Oncorhynchus tshawytscha

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Noun1.Oncorhynchus tshawytscha - large Pacific salmon valued as foodOncorhynchus tshawytscha - large Pacific salmon valued as food; adults die after spawning
salmon - any of various large food and game fishes of northern waters; usually migrate from salt to fresh water to spawn
genus Oncorhynchus, Oncorhynchus - Pacific salmon including sockeye salmon; chinook salmon; chum salmon; coho salmon
chinook salmon, king salmon, chinook - pink or white flesh of large Pacific salmon
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References in periodicals archive ?
Digestibility of various feedstuffs by post-juvenile chinook salmon (Oncorhynchus tshawytscha) in seawater.
Variability in agonistic behaviour and salinity tolerance between and within two populations of juvenile chinook salmon, Oncorhynchus tshawytscha, with Contrasting Life Histories.
This movement contrasts with that of other salmonids, such as Chinook (Oncorhynchus tshawytscha) and coho (O.
ovatus decreased significantly with increasing plasma glucose levels within 0-1 h after oral administration, which is in agreement with previous study on Chinook Salmon (Oncorhynchus tshawytscha) after oral administration (Mazur et al., 1992).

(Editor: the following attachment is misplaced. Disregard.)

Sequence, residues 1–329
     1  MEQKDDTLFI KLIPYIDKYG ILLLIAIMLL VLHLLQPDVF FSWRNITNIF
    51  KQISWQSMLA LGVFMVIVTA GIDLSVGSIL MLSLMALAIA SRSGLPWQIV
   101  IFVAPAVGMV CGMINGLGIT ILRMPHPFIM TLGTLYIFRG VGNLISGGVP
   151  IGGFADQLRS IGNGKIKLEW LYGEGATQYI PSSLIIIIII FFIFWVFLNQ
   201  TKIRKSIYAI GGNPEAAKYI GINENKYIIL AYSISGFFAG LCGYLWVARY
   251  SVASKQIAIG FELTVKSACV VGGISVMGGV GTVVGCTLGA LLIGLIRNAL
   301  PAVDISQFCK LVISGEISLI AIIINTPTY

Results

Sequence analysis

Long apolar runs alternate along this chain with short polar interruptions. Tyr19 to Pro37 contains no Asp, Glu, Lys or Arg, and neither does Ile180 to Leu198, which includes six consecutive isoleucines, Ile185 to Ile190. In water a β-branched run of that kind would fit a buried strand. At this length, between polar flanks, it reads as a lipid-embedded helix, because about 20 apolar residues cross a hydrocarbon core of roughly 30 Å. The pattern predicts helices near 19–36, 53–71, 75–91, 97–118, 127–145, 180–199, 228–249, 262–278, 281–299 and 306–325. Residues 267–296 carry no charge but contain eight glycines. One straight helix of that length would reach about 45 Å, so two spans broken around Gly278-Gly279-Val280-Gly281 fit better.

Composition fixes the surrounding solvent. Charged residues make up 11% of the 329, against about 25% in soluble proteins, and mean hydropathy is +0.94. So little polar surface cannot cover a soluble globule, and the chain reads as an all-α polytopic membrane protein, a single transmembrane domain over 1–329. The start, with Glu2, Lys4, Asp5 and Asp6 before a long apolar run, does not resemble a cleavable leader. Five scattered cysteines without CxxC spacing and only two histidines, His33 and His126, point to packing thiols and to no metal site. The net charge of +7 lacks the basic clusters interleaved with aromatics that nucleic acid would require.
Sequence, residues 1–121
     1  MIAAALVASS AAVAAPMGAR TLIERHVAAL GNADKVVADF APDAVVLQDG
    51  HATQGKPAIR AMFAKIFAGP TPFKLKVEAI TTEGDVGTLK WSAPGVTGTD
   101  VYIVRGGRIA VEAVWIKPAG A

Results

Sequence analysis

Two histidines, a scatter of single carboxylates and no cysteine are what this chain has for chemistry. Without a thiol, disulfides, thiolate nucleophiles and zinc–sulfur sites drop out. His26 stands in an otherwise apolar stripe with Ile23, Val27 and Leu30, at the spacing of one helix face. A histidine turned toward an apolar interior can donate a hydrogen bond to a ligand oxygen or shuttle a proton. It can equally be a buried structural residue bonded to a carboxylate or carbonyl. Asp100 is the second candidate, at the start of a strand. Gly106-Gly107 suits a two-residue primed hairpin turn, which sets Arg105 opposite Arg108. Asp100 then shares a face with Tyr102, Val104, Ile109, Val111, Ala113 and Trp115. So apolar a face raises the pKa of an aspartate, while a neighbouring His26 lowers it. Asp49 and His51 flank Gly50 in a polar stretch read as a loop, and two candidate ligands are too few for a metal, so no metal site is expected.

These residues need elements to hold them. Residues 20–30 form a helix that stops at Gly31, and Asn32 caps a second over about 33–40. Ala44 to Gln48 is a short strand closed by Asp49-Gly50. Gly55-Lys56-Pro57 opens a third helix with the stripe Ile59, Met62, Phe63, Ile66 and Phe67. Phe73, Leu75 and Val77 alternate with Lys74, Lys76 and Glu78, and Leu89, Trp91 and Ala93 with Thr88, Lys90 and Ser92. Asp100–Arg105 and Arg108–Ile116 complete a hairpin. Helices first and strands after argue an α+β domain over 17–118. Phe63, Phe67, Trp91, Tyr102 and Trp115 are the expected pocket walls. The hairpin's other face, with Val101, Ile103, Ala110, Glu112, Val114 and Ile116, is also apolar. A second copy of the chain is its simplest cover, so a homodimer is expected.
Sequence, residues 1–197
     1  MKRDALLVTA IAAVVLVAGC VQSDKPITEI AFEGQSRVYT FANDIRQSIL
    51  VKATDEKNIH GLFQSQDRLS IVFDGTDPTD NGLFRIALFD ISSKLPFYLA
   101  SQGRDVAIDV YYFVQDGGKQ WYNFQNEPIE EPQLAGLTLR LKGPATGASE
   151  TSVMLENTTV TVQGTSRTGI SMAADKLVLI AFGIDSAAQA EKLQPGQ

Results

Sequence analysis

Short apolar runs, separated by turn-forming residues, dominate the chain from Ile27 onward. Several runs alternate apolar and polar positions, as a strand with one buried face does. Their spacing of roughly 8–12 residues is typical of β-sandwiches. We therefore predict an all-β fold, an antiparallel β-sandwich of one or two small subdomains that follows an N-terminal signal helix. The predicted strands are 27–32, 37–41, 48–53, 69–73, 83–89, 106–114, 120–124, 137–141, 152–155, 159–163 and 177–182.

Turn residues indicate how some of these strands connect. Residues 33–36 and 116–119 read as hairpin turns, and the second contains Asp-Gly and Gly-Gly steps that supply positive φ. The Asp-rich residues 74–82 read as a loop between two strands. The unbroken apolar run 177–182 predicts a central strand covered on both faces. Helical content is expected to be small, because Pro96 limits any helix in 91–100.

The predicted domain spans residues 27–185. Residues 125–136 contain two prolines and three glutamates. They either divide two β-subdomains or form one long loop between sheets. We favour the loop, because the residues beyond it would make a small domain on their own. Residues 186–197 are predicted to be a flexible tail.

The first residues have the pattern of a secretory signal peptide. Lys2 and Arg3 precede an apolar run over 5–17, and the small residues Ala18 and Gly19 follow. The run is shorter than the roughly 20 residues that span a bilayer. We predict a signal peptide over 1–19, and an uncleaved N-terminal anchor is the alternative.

Similar changes such as cell necrosis in renal tissue were observed in other stressors studies, in the Anguilla anguilla (Olivereau & Olivereau, 1977), Oncorhynchus tshawytscha (Kiryu & Moffitt, 2001), Chana punctatus (Bhuiyan et al, 2001), Mugil sp., Cyprinus carpio and Barbas sp.
A molecular method to quantify sex-specific consumption of Chinook Salmon (Oncorhynchus tshawytscha) by Pacific Harbor Seals (Phoca vitulina ricliardii) using scat [thesis].
In contrast, larval spinal deformities in chinook salmon (Oncorhynchus tshawytscha) were found to be a nonadditive genetic effect and rather result from interactions between parental genomes [31].
Effect of turbidity on the predator avoidance behaviour of juvenile chinook salmon (Oncorhynchus tshawytscha).
Arctic lamprey, Lethenteron camtschaticum All Clupeidae Pacific herring, Clupea pallasii All Catostomidae Longnose sucker, Catostomus catostomus All Osmeridae <1 2 Pond smelt, Hypomesus olidus Rainbow smelt, Osmerus mordax Eulachon, Thaleichthys pad ficus Capelin, Mallotus villosus All Salmonidae Dolly Varden, Salvelinus malma Pink salmon, Oncorhynchus gorbuscha Coho salmon, Oncorhynchus kisutch Chinook salmon, Oncorhynchus tshawytscha Chum salmon, Oncorhynchus keta Sockeye salmon, Oncorhynchus nerka All Gadidae 86 23 Arctic cod, Boreogadus saida 82 21 Saffron cod, Eleginus gracilis 1 5 Walleye pollock, Theragra chalcogramma 3 3 Pacific cod, Gadus macrochephalus All Gasterosteidae, stickleback spp.
In early 2012, fisheries researchers monitoring the effects of instream gravel supplementation on reproduction of Chinook salmon (Oncorhynchus tshawytscha) and steelhead (Oncorhynchus mykiss) in the Lower American River, Sacramento County, California, observed for the first time that didymo was locally abundant in the main channel immediately downstream from Nimbus Dam.
For example, the mortality rate of Chinook salmon (Oncorhynchus tshawytscha) is known to be increased by infection from bacteria [1-5], viruses [5,6], and metazoan parasites, [2,4,7-12].